Slash/Back not only took me someplace new, it took me someplace I didn't know existed. Pangnirtung is a tiny hamlet in the Canadian territory of Nunavut. Its citizens, for whom hunting and fishing are a part of daily life, are mostly Inuit. “Pang,” as it's known, is just about the last place you'd expect an alien invasion to occur, which is part of what makes this movie so much fun. A sci-fi thriller in the same vein as Attack the Block, the film has a few rough edges, yet is made with such enthusiasm and earnestness that it thoroughly charms you.

Maika (Tasiana Shirley) and her friends – Jesse (Alexis Vincent-Wolfe), Leena (Chelsea Pruksy) and Uki (Nalajoss Ellsworth) – are enjoying summer vacation. There isn't a whole lot to do on Pang, but they make their own entertainment, riding bikes, talking about boys, and going out into the tundra away from the village's center. Since the sun never sets, they have constant daylight to play in. A weird spacecraft has parked itself in the tundra, though. Alien creatures first take over several animals, then two human beings. In their disguises, they walk in crooked motion. Tentacles shoot out of their eyes as they get close to their prey. The girls discover what's going on and, with all the adults at the annual village dance, attempt to rid Pang of this extra-terrestrial menace.

Aside from the novel location, two things help Slash/Back succeed. One is nicely restrained use of creature effects. The CGI utilized to make the wobbly possessed animals and the menacing tentacles doesn't go too far out. Instead of creating big digital spectacles, the visuals are employed only to the degree that they need to be. That has the impact of making the story feel grounded. If the movie was trying to dazzle us with elaborate CGI every five seconds, we wouldn't see anything else because the artificiality would be glaring. By keeping the computer-generated stuff to a minimum, there's greater impact when it is shown.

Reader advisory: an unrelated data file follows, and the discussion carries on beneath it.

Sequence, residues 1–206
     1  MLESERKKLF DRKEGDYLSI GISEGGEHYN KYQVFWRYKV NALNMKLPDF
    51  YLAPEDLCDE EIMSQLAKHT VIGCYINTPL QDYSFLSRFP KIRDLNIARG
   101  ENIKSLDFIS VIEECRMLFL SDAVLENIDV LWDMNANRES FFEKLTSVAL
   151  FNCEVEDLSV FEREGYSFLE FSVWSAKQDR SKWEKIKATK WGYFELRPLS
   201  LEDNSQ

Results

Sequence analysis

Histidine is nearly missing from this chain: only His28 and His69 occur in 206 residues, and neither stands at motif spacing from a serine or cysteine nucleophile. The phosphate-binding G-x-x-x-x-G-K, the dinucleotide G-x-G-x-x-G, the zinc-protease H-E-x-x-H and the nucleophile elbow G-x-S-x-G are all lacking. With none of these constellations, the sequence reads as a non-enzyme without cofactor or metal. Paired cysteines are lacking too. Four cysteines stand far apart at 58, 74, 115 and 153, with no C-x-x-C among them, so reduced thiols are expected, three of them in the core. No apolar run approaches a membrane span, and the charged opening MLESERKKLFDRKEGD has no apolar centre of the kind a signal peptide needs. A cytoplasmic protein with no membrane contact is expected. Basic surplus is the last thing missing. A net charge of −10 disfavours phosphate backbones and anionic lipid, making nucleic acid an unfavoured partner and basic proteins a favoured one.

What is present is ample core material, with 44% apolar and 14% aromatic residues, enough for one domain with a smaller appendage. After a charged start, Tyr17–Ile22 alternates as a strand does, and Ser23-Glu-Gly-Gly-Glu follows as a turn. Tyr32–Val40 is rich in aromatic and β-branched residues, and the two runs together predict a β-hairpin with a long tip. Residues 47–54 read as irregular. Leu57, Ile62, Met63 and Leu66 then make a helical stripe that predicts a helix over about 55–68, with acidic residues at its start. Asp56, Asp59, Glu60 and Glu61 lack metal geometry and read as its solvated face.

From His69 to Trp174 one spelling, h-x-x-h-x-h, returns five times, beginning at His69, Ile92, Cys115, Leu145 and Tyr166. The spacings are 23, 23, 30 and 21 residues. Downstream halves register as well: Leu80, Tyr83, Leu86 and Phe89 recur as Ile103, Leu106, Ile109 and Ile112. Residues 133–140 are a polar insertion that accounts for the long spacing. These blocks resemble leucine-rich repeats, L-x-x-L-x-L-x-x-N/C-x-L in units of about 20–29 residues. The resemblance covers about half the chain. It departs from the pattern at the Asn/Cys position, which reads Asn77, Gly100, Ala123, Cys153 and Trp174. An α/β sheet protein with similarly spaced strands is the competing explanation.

The other, and far more significant, key to success is the casting. Director Nyla Innuksuk found local indigenous teens with no prior acting experience to fill the roles, and she could not have done a better job. From top to bottom, these four new actresses display tons of personality and charisma. Together, they create a believable bond between their characters. I suspect each girl brings a little of herself to her role, allowing Slash/Back to achieve a sense of authenticity that's fun to revel in. Through them, I felt like I learned about the lifestyle and perspective of young people in Pangnirtung.

Although it doesn't beat you over the head with a message, there's no doubt the film is working not just as a sci-fi adventure but also as a commentary on the threats indigenous people have long faced. It's hardly a coincidence that one character wears a jacket with the words “No Justice on Stolen Land” printed on the back. Putting a thread of commentary into the picture adds another layer of interest. Slash/Back doesn't redefine the genre. It does, however, introduce enough fresh elements to keep you invested for the duration of its breezy 87-minute running time.

out of four

Slash/Back is unrated, but contains graphic violence, brief strong language, and a short scene of drug use. The running time is 1 hour and 27 minutes.